The tech boom has fractured The City. As thousands of new tech workers stream in, tens of thousands of San Franciscans have been priced out. We all know this story.
But The City's transformation is also hastening a hotbed of hate. The shorthand for the divide — like all shorthand categories, half-useful and half-dangerous — is defined along the lines of Tech Newcomers vs. San Francisco Natives.
Does being a San Francisco native, or even a longtime San Franciscan, even matter? Some say birthright may credit more sway over the future of The City.
“New to the city? Work in tech? You're a plague and locals FUCKING HATE YOU. LEAVE. The Mission is for lovers, not the greedy,” a sign seen in the Mission reads, which is now making the rounds on Facebook.
I got a blast of this vitriol myself last week after writing a column on the need to build denser housing in the western neighborhoods. Not everybody took kindly to the suggestion.
“Joe, it's people like you who move to our city from somewhere else, declare it your home and immediately call for housing,” one reader wrote.
If someone suggested building dense housing in “your little shitburg,” he wrote, “You would want him out…We do not want you or your ilk anywhere near the sunset or richmond district [sic]. Please go away. Permanently.”
Thanks a lot, bud, but whoops: I'm a born and raised San Franciscan (Go Bulldogs!), who lives in the Richmond. But even if I wasn't, it doesn't matter — hate wins you no allies.
Why does the location of my birth change how my comments are received? When I gave my detractor my local bonafides, he backed down. I was glad to earn points from him, but what kind of strange weapons are these we bludgeon each other with in this town?
As in any city, natives (and longtimers) are not a monolithic people: Many speak of our Missionite artists and musicians, but there are also Chinatown natives, Fillmore natives, Richmond Russians, North Beach Italianos, Irish-Catholic old-schoolers and so many more.
I asked some of my friends about the importance of natives (and locals). Their answers seemed a requiem on the idea of San Francisco as a hometown.
We, “rage because we have no power over what's going on… we want as much of a voice as the rich interlopers have,” San Franciscan Andrew Callaway said.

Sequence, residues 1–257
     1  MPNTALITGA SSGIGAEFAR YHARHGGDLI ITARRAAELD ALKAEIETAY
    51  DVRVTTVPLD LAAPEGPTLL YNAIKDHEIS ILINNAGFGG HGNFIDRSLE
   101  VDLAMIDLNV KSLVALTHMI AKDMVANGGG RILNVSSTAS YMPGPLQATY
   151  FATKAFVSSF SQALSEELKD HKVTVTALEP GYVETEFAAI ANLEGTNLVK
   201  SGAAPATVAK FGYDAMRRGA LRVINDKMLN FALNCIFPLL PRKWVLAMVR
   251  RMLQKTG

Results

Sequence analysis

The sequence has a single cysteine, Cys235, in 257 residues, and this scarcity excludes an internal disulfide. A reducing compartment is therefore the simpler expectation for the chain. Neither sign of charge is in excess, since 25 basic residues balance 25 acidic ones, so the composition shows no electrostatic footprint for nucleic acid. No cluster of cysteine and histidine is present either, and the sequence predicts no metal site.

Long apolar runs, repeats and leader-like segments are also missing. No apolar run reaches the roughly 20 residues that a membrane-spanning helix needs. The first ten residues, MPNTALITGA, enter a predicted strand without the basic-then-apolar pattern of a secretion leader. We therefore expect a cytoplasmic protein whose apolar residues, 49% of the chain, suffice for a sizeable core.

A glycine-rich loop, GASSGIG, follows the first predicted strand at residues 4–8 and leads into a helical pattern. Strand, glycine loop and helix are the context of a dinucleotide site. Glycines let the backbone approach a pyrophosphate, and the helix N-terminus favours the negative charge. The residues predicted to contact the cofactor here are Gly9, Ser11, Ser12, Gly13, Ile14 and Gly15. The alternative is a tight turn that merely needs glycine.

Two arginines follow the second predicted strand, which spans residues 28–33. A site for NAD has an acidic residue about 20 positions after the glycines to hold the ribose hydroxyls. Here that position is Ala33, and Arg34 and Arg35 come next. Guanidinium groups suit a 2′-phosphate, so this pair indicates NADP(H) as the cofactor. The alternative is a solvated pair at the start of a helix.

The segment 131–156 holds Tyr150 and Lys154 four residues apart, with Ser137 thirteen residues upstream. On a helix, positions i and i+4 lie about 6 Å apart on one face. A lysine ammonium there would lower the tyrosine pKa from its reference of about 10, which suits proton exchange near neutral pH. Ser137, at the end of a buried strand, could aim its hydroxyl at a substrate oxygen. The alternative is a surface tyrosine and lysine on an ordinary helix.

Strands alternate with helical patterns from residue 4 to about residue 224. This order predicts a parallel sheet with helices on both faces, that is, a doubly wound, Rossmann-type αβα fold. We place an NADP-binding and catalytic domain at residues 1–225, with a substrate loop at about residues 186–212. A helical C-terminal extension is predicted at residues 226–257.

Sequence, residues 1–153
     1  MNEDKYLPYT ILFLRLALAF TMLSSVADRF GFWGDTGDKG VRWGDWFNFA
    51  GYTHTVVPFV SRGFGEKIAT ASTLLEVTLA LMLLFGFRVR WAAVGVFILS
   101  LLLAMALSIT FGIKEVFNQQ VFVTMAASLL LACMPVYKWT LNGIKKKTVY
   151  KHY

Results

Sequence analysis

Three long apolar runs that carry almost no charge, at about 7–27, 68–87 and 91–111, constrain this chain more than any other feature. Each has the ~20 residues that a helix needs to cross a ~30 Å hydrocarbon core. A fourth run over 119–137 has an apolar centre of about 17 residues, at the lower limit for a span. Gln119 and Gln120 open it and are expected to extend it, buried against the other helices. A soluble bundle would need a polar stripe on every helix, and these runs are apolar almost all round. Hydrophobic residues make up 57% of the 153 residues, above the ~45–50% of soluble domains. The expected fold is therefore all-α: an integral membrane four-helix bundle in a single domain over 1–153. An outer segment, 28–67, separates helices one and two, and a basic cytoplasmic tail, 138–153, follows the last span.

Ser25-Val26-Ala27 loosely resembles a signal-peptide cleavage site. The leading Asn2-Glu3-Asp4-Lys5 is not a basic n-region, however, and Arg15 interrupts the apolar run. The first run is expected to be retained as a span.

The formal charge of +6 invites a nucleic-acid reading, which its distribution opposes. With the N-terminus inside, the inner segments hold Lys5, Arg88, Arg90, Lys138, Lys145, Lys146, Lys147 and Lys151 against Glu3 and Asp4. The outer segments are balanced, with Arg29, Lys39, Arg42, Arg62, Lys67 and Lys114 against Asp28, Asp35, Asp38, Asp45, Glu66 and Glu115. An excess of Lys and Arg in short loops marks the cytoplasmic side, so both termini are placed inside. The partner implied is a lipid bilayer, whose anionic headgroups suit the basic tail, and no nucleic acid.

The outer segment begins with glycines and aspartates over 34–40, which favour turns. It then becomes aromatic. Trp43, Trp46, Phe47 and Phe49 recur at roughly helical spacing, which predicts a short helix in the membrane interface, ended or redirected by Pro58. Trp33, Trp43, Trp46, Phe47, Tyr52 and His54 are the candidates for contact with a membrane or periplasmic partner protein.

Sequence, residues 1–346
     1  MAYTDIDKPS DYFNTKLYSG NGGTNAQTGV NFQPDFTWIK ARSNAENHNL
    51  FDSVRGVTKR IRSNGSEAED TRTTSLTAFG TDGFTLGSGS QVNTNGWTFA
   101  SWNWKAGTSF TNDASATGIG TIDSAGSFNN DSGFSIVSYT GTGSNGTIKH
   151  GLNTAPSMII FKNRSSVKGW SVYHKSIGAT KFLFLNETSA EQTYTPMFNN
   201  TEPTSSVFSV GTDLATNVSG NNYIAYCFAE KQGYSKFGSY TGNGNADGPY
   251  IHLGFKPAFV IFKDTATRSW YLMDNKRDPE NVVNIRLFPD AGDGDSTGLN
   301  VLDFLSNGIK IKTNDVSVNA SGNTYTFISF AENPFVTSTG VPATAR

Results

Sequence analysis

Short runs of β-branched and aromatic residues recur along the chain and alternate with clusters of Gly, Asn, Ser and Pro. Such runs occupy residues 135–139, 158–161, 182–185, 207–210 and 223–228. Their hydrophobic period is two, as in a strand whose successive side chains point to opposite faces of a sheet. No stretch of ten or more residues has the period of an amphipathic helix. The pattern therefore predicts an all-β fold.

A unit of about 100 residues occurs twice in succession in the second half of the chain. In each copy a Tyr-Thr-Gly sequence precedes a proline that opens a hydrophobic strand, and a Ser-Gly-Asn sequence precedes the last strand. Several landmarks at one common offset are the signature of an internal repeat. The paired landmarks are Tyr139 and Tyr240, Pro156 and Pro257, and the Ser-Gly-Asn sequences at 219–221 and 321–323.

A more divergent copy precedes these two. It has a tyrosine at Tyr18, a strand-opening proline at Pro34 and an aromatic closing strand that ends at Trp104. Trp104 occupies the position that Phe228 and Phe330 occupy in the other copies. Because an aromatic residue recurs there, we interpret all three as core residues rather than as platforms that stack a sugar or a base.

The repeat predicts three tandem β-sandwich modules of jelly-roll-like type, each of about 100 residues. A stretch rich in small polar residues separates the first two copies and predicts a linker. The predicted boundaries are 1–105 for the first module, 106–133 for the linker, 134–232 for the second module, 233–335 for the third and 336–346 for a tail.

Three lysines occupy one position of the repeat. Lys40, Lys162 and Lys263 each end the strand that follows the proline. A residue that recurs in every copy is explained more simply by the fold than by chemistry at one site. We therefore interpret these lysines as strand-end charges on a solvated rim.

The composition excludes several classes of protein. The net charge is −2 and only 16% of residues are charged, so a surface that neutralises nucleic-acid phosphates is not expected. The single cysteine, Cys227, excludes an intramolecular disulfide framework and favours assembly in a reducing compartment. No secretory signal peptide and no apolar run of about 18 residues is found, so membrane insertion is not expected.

“Most of my friends have moved, and are moving,” wrote Calliope Olivia, a native and local filmmaker.
“I'm frustrated over not being able to see having my own spaces, purchasing a house, or live a normal life,” wrote Cristina Flores, a fifth-generation San Franciscan.
“Roots, generations, shared experiences, beloved landmarks, beloved home teams, hated rivals,” unite us, my pal and 415 native Mark Wieland wrote. “That somehow is lost on outsiders because people think a city can't be a true hometown community.”
There are many sore spots to ignite our ire, it seems. I often feel it, too, sparked by the ghosts I see everywhere I walk in The City.
Watching well-dressed yuppies eat at fancy digs by 18th and Dolores streets, I often recall how my now-dead hippie father once lived by Dolores Park as a broke 20-year-old. And I seethe every time I walk through the monied Castro, remembering my elderly grandfather's Ellis Act eviction from his 16th Street flat. He died shortly after.
Still, anger does me no good, and undirected anger does no good for The City.
So, here is my plea.
To the newcomers: When locals say “native,” please interpret the word as shorthand for wishing to preserve our roots. This should not be a winner-take-all Ayn Rand dystopia. San Franciscans want to be able to be born here, to live here, to have (or choose not to have) children here, and to stay in our homes. Consider our culture before you replace a beloved locale with another Apple Store- esque coffee bar.
To my fellow longtime San Franciscans: Do protest constructively, but stop the hate because it doesn't help anyone. We should honor our history as a beacon to new transplants, and coach them to add to our myriad cultures — not displace them.
In our minds, locals are singing “I left My Heart in San Francisco,” a melancholy song about leaving, and missing, our home. Let's flip the script: “San Francisco” is a song welcoming both the return of locals, and newcomers.
It resonated when it was written in 1936, and hopefully it can resonate once again:
“San Francisco, open your golden gate, you let no stranger wait outside your door. San Francisco, here is your wanderin' one, Saying I'll wander no more.”
On Guard prints the news and raises hell each Tuesday. Email him at email@example.com.